* For story on emerging companies’ profit squeeze, see
* For story on the U.S. economy and emerging markets, see
* For Reuters polls on EM equities in 2013, see
By Carolyn Cohn
LONDON, March 11 (Reuters) - Smaller emerging markets companies are drawing interest from investors wary of wilder frontier economies but willing to delve deeper into familiar territory in pursuit of returns.
Buying shares in firms with market capitalisations of less than $3 billion offers a way to tap into economies in which demand from a rising middle-class for consumer brands, telecoms and financial services is driving rapid growth.
And unlike risky frontier markets, many of the best opportunities are in countries already familiar to investors.
“The most exciting emerging markets are Thailand, Indonesia, Philippines and Mexico,” said Todd McClone, emerging market fund manager at William Blair, citing their low interest rates, relatively strong currencies and rising consumer confidence.
“These countries are more geared to mid- to small-cap markets.”
Investors have long been attracted to companies based in emerging economies where fast growth promises bumper returns.
But the broad emerging stock index is strongly weighted towards towards giants Brazil, Russia, India and China, whose economic performance in recent years has disappointed, and is dominated by their massive energy firms.
Just 11 companies account for the 18 percent of the index’s market capitalisation, including Russian oil giant Gazprom and its Brazilian peer Petrobras, and South Korean technology firm Samsung.
Investors hungry for risk tend to favour smaller, less liquid stocks. Small-cap favourites include Eurocash, Poland’s second-largest distributor of fast-moving consumer goods, and Thai consumer finance company Aeon.
Demand for such exposure has helped push MSCI’s emerging market small cap index 3 percent higher this year, compared with a 1 percent fall in the broader gauge as a squeeze on company profits deters investors.
The small cap index encompasses the same countries as its wider emerging markets counterpart, but with larger weightings for several Asian markets, South Africa and Turkey, and less representation for Latin America.
It is also more heavily weighted towards stocks driven by consumer demand, which can include property and financial services companies, healthcare providers and, in Asian countries with ageing populations, pharmaceutical firms.
While Lipper data shows there are not many global emerging market small cap funds, they include those run by big names such as JP Morgan and Templeton, and some are substantially sized.
Aberdeen Asset Management’s $2.7 billion Emerging Markets Smaller Companies fund was one of three large, strongly-performing funds on which the fund manager slapped a 2 percent initial charge last month, an attempt to stem investor flows.
Specialist emerging market fund manager Ashmore has a $600 million emerging markets small caps fund, which is strongly overweight China, South Korea and Taiwan. One of its largest holdings at the end of last year was South Korea’s Hyundai Department Store Co.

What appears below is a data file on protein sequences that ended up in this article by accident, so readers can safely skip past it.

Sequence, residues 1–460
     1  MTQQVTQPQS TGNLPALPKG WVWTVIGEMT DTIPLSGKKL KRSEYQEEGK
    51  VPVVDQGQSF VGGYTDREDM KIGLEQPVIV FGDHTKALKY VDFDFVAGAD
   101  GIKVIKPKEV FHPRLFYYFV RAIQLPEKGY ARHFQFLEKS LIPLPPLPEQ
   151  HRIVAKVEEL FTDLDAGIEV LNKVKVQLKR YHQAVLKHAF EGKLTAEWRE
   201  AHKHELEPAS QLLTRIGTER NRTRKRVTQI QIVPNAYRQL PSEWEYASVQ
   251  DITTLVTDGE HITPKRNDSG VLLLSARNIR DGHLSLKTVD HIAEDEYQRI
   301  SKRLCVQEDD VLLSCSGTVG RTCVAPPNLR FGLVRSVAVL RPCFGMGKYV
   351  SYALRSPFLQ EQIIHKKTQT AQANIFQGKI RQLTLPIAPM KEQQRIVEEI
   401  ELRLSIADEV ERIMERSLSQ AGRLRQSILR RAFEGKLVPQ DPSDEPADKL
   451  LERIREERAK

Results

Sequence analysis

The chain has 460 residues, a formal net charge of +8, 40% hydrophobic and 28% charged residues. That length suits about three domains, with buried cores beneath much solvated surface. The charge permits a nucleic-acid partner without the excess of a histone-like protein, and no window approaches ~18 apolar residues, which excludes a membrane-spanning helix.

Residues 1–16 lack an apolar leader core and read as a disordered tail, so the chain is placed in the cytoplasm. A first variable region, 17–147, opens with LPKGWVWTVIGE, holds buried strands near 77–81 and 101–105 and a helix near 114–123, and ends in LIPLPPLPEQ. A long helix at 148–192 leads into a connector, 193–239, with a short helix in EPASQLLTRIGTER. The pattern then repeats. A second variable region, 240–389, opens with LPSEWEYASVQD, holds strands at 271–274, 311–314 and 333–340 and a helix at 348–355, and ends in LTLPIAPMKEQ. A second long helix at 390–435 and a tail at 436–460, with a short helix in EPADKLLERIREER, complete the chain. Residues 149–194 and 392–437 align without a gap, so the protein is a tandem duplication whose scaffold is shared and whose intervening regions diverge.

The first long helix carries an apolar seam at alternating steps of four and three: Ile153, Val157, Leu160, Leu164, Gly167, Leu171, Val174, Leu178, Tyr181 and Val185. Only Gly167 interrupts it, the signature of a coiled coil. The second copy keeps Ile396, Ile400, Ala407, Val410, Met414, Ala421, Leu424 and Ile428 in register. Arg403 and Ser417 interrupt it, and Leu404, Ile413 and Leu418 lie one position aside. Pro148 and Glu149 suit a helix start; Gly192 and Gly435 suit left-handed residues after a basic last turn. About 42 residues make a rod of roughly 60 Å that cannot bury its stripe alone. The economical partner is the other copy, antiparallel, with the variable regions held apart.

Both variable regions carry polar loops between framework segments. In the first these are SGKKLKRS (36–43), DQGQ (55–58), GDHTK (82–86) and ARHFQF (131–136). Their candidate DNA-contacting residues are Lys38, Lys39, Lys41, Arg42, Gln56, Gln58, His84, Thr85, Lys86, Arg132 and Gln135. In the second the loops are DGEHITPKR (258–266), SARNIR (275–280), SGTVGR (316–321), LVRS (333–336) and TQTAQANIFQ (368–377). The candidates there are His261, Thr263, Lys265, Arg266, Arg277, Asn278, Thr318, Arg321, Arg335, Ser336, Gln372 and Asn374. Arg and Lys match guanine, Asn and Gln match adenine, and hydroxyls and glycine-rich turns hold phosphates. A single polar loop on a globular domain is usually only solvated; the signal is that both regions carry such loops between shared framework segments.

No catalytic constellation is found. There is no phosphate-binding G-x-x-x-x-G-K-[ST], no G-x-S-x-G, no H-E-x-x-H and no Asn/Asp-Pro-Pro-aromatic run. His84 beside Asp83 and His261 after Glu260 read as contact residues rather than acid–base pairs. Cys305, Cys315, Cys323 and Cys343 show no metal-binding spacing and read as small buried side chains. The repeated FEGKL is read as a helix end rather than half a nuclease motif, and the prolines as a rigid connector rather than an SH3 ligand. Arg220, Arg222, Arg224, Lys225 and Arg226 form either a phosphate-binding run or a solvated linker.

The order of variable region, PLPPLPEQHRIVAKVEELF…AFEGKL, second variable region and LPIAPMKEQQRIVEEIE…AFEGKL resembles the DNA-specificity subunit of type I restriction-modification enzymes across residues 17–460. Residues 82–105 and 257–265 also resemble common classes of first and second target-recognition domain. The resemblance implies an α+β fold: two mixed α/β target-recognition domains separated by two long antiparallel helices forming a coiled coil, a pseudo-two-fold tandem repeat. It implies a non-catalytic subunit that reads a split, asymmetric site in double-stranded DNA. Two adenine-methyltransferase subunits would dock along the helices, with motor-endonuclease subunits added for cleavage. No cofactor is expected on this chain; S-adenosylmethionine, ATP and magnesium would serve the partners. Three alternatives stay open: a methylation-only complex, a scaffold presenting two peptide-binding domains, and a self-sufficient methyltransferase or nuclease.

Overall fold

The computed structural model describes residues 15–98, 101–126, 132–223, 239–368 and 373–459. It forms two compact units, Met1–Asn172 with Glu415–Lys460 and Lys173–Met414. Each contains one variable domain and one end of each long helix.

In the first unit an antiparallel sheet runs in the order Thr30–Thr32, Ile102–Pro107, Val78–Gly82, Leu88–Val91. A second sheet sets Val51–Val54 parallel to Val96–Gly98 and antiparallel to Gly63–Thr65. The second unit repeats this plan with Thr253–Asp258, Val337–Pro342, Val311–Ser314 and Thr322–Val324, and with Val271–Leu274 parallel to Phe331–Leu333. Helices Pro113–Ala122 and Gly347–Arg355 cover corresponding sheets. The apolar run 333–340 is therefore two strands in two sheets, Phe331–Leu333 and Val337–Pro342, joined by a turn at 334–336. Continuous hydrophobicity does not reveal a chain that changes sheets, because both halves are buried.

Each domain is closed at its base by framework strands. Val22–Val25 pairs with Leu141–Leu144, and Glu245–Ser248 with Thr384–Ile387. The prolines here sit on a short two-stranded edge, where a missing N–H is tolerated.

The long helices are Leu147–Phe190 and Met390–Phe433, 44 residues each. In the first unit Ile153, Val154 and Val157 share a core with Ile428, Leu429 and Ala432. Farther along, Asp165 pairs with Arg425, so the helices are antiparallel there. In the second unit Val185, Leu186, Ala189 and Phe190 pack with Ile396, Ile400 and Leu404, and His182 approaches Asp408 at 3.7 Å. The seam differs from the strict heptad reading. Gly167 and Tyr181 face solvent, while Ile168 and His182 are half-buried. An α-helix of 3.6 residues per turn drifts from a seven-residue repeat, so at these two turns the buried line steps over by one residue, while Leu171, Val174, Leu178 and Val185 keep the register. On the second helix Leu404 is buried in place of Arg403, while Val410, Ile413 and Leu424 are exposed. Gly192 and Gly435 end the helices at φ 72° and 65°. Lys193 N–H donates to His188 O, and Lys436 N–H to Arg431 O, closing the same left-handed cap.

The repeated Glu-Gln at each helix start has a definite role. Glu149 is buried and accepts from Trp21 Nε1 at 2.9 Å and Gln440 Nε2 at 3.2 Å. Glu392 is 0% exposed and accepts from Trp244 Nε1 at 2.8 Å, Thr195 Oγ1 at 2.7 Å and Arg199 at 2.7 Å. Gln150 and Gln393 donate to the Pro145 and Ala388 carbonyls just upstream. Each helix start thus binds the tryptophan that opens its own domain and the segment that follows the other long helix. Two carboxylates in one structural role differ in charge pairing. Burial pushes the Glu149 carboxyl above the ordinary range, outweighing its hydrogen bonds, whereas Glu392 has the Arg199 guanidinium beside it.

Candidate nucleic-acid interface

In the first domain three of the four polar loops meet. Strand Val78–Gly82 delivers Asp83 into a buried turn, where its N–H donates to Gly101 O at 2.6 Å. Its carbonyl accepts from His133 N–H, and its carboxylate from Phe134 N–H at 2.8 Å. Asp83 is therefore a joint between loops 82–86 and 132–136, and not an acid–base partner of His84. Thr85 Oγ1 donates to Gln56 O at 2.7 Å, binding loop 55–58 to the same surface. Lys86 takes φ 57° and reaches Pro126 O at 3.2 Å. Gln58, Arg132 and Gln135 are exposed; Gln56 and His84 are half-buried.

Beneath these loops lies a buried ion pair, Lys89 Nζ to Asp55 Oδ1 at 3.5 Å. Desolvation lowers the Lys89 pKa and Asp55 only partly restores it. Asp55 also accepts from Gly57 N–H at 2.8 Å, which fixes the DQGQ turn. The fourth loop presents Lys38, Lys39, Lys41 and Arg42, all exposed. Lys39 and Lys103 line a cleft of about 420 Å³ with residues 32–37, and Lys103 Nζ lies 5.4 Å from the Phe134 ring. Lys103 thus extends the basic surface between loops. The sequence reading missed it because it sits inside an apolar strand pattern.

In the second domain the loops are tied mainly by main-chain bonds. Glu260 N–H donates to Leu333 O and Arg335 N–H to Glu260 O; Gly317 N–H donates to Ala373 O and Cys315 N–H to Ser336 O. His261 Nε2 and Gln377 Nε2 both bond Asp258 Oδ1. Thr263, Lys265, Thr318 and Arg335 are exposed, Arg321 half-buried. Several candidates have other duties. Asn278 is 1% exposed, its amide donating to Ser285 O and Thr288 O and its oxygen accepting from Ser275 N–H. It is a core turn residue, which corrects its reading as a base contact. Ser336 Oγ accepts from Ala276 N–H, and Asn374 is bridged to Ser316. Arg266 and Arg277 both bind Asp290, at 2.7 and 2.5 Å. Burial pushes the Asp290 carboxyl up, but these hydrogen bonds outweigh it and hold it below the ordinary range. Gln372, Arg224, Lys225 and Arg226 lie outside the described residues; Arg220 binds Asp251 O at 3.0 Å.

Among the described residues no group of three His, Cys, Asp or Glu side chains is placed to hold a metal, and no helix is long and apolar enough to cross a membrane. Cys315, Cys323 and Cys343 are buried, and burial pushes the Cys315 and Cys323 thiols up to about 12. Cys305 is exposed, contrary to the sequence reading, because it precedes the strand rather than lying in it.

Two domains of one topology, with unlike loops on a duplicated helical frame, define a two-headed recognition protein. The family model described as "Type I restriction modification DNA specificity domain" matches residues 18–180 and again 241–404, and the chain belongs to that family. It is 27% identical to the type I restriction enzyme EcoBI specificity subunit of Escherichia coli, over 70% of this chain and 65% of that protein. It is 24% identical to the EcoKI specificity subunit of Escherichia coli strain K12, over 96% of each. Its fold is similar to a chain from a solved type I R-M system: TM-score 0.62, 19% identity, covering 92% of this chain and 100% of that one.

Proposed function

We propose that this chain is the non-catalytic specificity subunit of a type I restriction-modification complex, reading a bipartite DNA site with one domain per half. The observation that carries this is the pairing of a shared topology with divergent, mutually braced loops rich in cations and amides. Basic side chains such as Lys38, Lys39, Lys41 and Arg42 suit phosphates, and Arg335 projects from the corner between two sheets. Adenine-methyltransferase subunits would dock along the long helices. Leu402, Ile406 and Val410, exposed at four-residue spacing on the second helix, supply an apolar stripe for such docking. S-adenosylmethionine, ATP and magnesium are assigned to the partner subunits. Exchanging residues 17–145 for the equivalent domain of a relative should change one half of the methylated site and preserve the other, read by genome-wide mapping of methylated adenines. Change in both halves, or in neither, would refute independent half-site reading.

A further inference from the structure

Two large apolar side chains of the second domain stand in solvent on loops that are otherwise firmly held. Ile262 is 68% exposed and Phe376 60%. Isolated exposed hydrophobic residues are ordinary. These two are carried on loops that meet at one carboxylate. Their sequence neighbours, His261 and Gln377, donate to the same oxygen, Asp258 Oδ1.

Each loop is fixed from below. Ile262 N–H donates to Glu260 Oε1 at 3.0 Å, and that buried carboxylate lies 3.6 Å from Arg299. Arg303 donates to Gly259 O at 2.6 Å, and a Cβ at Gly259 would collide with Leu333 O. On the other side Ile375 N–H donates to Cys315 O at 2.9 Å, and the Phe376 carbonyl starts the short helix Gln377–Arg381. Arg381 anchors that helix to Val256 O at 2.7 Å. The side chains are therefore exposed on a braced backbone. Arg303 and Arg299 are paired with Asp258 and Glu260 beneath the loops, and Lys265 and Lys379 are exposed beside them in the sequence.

“Investors have reallocated to emerging markets, where they were under-invested,” said Julie Dickson, product manager for equities at Ashmore. “Now they are taking the next step, by going deeper into emerging markets or by going into small caps.”
Investors point to high returns on equity and high earnings per share for small cap stocks, as well as low valuations.
Emerging market small cap stocks are trading at a price to book of 1.3 times, below their long-term average, while the broader MSCI emerging market index is trading at 1.7 times.
Correlations are also lower between emerging market small caps and global stocks, making them attractive for investors seeking to diversify away from developed markets.
Low correlations are also a feature of less-developed “frontier” markets such as Nigeria or Vietnam, but their higher political risk and lower liquidity mean small caps are often the first port of call for more adventurous investors.
“If Spain is going to get kicked out of the euro, Berlusconi is going to run Italy, I am not going to reduce interesting frontier or small cap stocks,” said William Blair’s McClone.
Specialist emerging market investors may also seek to exploit a lack of information about small cap companies. With one in three small cap stocks covered by only two analysts, investors who can do their own homework have an advantage, said Claire Peck, client portfolio manager for emerging markets at JP Morgan Asset Management.
“The hidden costs of frontier markets are in liquidity,” said Peck.
Small caps thus tend to underperform larger emerging market stocks when enthusiasm for the asset class wanes. That may be happening now, as higher Treasury yields and a possible end to Federal Reserve money-printing lure U.S. investors home.
Dedicated small cap investors are prepared to take the risk, however. According to Ashmore’s Dickson: “Small caps may be a little bit less liquid, but that gives you the extra return opportunity.” (Editing by Catherine Evans)